and vice-versa.” Ward, 592 F.3d at 1163 (citing Holladay v. Haley, 209 F.3d 1243,
1248 (11th Cir. 2000)).
LeCroy first argues that his counsel rendered ineffective assistance by
failing to object to the “suprise [sic] testimony of a coerced confession.” § 2255
Motion p. 4 (doc. 1). In support of this contention, LeCroy alleges that while he
was at his mother’s home, Agent Nesmith, while conducting a warrantless search
of the residence, told LeCroy that “if he did not confess to the ‘road block’ case,
he would personally see to it that Petitioner would ‘not see the light of day’ . . . ”
even though petitioner allegedly told Agent Nesmith that he was innocent and did
not want to speak with him. Id. Petitioner further asserts that Agent Nesmith
“stormed around” and “told Petitioner that he was a government agent and could
do anything he wanted to.” Id. Petitioner claims that he informed his lawyer of
these happenings “while Agent Nesmith was testifying at the Petitioner’s trial.” Id.
at 7. In his reply, LeCroy cites no other deficient performance, but relies on muddy
allegations that his counsel was ineffective for “not discovering” Agent Nesmith’s
testimony and that “the blame falls clearly on defense counsel regardless who
dropped the ball.” Reply p. 25 (doc. 8). The crux of LeCroy’s ineffective
assistance claim, then, is that his counsel failed to object to Agenty Nesmith’s
testimony about petitioner’s confession.
LeCroy’s contention that his attorney performed deficiently by failing to
object to Nesmith’s testimony lacks merit, because LeCroy cannot establish that he
was prejudiced by his attorney’s alleged deficiency. The premise of LeCroy’s
argument is that had counsel objected to Agent Nesmith’s testimony about
LeCroy’s confession, there is a reasonable probability that the result of LeCroy’s
trial would have been different. Yet LeCroy cannot establish prejudice because the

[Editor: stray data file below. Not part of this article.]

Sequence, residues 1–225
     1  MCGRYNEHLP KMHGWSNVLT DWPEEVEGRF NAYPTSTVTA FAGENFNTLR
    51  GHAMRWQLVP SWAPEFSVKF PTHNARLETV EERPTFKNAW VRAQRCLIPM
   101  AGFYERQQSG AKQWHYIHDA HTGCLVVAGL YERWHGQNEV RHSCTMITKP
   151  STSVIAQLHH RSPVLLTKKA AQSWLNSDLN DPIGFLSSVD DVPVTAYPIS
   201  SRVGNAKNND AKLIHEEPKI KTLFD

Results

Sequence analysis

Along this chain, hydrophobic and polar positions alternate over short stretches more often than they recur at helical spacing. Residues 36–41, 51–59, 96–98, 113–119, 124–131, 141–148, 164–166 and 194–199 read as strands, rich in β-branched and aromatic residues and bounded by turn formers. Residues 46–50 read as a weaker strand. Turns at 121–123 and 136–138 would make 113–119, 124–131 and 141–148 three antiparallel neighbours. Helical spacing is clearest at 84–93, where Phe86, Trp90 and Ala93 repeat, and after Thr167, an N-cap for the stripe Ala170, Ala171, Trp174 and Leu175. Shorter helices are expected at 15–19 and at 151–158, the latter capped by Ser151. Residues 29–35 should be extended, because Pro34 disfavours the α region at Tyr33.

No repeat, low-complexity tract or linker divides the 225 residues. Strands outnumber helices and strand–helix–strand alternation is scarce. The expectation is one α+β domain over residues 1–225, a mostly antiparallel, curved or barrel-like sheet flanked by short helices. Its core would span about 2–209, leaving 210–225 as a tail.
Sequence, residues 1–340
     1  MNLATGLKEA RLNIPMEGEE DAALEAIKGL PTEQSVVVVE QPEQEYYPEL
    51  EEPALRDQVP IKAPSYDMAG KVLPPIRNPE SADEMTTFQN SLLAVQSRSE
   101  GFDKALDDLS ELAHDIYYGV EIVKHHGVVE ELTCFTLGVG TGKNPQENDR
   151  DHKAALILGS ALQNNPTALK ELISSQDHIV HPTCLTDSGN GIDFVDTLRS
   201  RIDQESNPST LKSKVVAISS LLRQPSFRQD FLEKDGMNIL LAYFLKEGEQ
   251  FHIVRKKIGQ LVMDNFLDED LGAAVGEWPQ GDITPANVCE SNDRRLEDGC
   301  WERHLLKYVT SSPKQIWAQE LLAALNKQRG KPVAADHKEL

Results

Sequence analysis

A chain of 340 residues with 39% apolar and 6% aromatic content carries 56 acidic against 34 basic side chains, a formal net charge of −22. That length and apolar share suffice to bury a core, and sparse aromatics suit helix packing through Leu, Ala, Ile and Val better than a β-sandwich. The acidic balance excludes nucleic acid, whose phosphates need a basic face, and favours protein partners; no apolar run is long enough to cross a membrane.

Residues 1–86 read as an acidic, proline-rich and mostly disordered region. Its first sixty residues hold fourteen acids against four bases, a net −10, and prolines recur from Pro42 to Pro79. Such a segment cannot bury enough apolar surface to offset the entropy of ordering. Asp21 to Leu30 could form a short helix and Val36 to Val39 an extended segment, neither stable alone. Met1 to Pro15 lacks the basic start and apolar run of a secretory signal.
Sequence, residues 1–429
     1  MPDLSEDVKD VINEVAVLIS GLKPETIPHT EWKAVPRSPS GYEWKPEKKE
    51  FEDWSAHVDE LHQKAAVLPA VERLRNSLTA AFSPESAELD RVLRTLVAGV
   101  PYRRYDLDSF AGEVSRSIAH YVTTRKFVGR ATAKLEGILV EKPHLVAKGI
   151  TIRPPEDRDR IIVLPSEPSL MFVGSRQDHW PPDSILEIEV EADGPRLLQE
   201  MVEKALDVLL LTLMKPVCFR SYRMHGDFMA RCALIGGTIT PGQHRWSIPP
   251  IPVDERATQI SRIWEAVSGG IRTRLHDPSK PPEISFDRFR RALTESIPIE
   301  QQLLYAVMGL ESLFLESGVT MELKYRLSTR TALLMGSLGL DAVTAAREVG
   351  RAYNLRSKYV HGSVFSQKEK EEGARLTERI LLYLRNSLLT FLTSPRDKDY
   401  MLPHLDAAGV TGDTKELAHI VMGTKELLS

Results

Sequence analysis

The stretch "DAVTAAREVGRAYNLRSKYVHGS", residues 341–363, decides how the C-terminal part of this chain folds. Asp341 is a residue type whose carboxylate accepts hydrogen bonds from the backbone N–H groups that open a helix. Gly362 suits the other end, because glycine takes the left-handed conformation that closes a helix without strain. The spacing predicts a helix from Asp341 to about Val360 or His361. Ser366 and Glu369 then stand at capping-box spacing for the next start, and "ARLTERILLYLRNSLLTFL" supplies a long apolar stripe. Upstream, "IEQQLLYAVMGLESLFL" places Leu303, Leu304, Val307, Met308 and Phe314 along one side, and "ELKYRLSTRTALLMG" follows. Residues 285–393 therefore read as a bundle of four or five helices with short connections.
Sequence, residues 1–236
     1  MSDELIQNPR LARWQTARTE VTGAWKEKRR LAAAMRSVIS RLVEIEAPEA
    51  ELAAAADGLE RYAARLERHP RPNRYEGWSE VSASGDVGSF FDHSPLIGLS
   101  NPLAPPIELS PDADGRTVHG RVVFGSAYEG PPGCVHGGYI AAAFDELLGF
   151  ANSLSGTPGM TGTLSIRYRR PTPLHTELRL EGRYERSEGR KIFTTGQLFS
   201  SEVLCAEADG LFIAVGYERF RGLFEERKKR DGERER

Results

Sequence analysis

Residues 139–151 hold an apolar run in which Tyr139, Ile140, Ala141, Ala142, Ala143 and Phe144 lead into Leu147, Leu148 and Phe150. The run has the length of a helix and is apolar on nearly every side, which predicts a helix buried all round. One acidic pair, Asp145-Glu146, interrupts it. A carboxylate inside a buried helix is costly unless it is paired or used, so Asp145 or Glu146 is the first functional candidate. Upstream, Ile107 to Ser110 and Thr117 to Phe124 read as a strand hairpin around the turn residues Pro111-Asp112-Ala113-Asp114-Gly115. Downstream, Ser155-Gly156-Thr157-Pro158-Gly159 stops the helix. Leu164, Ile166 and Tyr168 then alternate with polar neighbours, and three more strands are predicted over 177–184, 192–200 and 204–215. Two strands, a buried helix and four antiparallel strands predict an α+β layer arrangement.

government produced a wealth of evidence supporting LeCroy’s conviction. See
supra part I. Accordingly, there is no reasonable probability that the jury would
not have found LeCroy guilty had Nesmith’s testimony about the confession been
excluded. Because the ineffective assistance of counsel test requires a defendant to
meet both the deficient performance and prejudice prongs, LeCroy’s claim that his
attorney rendered ineffective assistance by failing to object to Agent Nesmith’s
testimony is due to be dismissed.4
Next, LeCroy argues that his trial counsel was ineffective for failing to
inform the trial court of alleged juror tampering. § 2255 Motion p. 4 (doc. 1).
The court also notes that LeCroy’s argument that his attorney performed deficiently is
weak, at best, given that LeCroy failed to inform his counsel that the confession was coerced
until Agent Nesmith began testifying at trial. § 2255 motion p. 7 (doc. 1). It is well settled that
“[m]otions to suppress illegally obtained evidence must be made prior to trial or such objections
are deemed waived . . . .” United States v. Lall, 607 F.3d 1277, 1288 (11th Cir. 2010) (citing
F.R.C.P. 12(b)(3)). While Rule 12(e) permits a court to grant relief from the waiver for good
cause, “[n]o good cause exists if ‘the defendant had all the information necessary to bring a Rule
12(b) motion before the date set for pretrial motions, but failed to file it by that date.’” United
States v. Curbelo, 726 F.3d 1260, 1267 (11th Cir. 2013) (quoting United States v. Seher, 562
F.3d 1244, 1359 n. 15 (11th Cir. 2009)). Here, the only cause for failing to file a motion to
suppress Agent Nesmith’s testimony was LeCroy’s failure to tell his attorney about the
confession prior to trial, which does not constitute good cause. LeCroy contends that Agent
Nesmith’s testimony was a surprise. While LeCroy debates the voluntariness of the confession, it
is highly unlikely that LeCroy was altogether surprised by testimony of a confession that he
plainly admits he gave. LeCroy asserts no cause for failing to inform his attorney of the alleged
coerced confession, which would have permitted his attorney to timely file a motion to suppress.
LeCroy claims that his mother observed a juror talking on the phone about
LeCroy’s trial. Id. Marie Humphries, LeCroy’s mother, also swore by affidavit that
she overheard the juror telling someone that “she thought [LeCroy] was guilty”
and that “the drugs and gun were seen thrown? [sic] out of the car, and [LeCroy]
was a felon and wasn’t supposed to have a gun.” Id. at 10. Additionally,
Humphries swore that when she mentioned the incident to LeCroy’s counsel, the
attorney responded that “it happens all the time.” Id. Again, LeCroy’s claim of